Closed source

From Academic Kids

Closed source is a term invented as an antonym for open source and used to refer to any program whose licensing terms do not qualify as open source. Generally, it means that the customer will only get a binary version of the computer program they licensed and no copy of the program's source code, rendering modifications to the software practically impossible from the technical side. The source code in this development model is regarded a trade secret of the company, so parties that may get source code access, such as colleges, have to sign non-disclosure agreements in advance.

The term may also refer to programs whose source code is available, but under conditions that conflict with the Open Source Definition. Microsoft's "shared source" initative is the most prominent example of this.

Much of academic and scientific programming is based on free interchange of source code, as scientists freely share materials and methods in order to replicate experiments. People like Richard Stallman were used to the open nature of this hacker culture, and it came as an unpleasant surprise when skilled programmers left academia to found their own companies and market their software, no longer giving their peers source code access. Stallman saw this a step backwards in terms of user freedom and founded the GNU project in the mid 1980s. His GNU GPL allows licensees to pass along copies, including derived works, provided they include source code. It specifically prevents freely-developed code from ever being used in closed source software.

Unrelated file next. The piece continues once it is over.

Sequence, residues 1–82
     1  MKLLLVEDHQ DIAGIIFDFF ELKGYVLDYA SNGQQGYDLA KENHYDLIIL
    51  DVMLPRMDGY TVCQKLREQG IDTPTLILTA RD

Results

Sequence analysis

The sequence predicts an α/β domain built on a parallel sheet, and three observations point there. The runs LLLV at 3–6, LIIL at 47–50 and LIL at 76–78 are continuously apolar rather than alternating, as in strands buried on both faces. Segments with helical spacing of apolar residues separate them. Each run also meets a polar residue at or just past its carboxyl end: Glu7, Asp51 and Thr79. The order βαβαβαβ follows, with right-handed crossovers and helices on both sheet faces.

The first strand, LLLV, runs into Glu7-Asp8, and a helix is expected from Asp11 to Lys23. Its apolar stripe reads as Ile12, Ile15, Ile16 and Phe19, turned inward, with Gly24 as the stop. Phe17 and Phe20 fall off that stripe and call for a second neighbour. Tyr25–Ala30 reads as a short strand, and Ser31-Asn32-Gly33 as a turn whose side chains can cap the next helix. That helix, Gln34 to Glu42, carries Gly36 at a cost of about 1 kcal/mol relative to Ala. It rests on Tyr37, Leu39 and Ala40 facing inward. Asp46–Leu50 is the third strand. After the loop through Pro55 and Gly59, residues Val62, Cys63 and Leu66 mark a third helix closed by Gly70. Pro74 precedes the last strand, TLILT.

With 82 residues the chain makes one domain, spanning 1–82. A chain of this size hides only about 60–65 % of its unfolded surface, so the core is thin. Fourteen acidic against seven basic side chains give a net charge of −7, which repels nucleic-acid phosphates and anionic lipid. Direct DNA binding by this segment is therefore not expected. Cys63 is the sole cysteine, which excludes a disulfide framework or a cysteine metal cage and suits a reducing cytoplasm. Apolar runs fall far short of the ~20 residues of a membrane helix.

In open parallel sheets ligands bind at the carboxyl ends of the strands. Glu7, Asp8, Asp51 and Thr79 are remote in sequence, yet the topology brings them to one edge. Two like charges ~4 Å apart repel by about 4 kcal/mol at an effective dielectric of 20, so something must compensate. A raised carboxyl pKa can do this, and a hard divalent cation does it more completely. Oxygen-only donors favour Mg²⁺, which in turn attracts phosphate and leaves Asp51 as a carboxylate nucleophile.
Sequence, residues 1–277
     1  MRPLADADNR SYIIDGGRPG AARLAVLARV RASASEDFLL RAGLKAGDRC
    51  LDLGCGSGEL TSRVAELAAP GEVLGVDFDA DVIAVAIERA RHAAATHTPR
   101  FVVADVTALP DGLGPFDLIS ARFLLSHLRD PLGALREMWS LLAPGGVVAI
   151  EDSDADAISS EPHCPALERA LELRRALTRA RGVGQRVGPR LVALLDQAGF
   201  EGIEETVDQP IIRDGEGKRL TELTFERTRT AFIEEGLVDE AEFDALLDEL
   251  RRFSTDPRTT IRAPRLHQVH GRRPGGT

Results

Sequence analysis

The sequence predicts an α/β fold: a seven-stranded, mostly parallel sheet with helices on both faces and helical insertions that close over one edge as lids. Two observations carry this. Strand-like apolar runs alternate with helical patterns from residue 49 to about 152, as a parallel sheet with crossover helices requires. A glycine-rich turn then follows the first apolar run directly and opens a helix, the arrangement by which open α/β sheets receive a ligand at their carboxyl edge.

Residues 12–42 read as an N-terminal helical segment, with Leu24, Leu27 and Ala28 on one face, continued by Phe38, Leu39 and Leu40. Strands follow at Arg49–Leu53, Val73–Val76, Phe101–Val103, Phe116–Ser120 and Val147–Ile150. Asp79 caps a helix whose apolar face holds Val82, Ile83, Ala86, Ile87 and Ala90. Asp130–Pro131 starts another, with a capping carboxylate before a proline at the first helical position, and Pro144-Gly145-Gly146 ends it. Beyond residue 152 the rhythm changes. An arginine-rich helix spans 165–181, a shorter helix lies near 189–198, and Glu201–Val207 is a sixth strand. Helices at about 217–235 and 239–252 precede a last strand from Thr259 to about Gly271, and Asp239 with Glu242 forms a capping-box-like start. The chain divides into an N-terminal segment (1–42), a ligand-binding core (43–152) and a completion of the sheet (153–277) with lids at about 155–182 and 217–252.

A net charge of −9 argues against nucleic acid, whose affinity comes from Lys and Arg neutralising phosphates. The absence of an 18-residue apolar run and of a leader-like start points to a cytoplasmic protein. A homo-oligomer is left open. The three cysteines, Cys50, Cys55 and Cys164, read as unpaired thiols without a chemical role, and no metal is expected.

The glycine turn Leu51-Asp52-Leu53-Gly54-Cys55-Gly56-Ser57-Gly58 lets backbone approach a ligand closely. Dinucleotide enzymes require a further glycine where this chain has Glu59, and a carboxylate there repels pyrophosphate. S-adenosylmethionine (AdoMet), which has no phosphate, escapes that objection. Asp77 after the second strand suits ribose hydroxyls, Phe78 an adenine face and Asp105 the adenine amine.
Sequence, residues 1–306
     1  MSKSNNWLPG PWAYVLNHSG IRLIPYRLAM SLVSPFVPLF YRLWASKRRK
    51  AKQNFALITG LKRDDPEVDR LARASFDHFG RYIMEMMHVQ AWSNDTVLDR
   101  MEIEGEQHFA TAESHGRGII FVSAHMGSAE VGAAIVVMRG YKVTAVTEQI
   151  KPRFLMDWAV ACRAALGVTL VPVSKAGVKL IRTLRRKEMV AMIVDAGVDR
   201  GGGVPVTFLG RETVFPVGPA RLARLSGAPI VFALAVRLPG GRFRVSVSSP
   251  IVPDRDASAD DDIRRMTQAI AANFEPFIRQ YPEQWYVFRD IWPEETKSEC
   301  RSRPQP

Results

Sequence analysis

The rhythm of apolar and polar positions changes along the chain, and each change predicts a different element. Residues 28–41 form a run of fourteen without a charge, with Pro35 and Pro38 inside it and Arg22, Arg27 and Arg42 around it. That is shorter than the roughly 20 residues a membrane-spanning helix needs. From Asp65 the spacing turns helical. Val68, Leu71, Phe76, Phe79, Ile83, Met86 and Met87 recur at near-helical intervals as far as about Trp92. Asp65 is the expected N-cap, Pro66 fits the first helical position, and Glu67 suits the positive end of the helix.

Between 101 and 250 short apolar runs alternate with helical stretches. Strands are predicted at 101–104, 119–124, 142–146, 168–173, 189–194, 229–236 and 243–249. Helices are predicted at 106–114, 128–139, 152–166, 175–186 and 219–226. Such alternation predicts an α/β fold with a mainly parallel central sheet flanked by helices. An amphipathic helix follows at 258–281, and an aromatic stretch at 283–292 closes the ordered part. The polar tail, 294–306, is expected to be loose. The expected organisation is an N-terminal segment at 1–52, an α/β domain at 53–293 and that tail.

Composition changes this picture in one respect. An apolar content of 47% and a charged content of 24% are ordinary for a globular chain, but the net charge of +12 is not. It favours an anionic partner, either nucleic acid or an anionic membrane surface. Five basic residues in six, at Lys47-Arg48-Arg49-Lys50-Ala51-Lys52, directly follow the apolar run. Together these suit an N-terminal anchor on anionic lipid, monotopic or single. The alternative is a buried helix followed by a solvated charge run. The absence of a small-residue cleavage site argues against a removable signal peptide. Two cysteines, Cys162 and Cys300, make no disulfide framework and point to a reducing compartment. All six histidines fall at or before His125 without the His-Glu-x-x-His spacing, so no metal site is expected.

Closed source still dominates commercial software development, but in the last few years through the success of a few open source projects like Linux, KDE, and Apache, corporate thinking has undergone a minor transformation, with some corporations deciding that closed and open source projects can complement each other. One example is Sun Microsystems' move to develop their office suite, StarOffice, in parallel with its open source incarnation, This is seen as a gain for corporate image and may be a good way to attract new talent.

See also

es:Código cerrado


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